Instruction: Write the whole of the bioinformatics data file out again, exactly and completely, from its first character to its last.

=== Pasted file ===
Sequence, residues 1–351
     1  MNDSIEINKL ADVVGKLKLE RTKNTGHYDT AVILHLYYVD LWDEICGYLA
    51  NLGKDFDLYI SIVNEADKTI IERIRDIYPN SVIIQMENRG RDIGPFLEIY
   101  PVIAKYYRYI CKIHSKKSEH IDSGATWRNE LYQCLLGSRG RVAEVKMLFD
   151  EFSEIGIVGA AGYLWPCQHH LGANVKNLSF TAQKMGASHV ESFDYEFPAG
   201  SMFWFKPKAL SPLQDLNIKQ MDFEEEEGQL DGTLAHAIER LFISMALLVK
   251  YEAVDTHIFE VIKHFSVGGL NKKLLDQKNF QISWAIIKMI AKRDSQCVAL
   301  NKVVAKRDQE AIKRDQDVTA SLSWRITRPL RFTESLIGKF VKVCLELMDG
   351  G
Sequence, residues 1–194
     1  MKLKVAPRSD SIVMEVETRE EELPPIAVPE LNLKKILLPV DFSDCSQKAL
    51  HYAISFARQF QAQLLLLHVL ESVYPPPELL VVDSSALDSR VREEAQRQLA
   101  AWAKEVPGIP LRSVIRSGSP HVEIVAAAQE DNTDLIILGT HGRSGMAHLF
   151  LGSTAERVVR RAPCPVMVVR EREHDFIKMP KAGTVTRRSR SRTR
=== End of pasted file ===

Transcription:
Sequence, residues 1–351
     1  MNDSIEINKL ADVVGKLKLE RTKNTGHYDT AVILHLYYVD LWDEICGYLA
    51  NLGKDFDLYI SIVNEADKTI IERIRDIYPN SVIIQMENRG RDIGPFLEIY
   101  PVIAKYYRYI CKIHSKKSEH IDSGATWRNE LYQCLLGSRG RVAEVKMLFD
   151  EFSEIGIVGA AGYLWPCQHH LGANVKNLSF TAQKMGASHV ESFDYEFPAG
   201  SMFWFKPKAL SPLQDLNIKQ MDFEEEEGQL DGTLAHAIER LFISMALLVK
   251  YEAVDTHIFE VIKHFSVGGL NKKLLDQKNF QISWAIIKMI AKRDSQCVAL
   301  NKVVAKRDQE AIKRDQDVTA SLSWRITRPL RFTESLIGKF VKVCLELMDG
   351  G
Sequence, residues 1–194
     1  MKLKVAPRSD SIVMEVETRE EELPPIAVPE LNLKKILLPV DFSDCSQKAL
    51  HYAISFARQF QAQLLLLHVL ESVYPPPELL VVDSSALDSR VREEAQRQLA
   101  AWAKEVPGIP LRSVIRSGSP HVEIVAAAQE DNTDLIILGT HGRSGMAHLF
   151  LGSTAERVVR RAPCPVMVVR EREHDFIKMP KAGTVTRRSR SRTR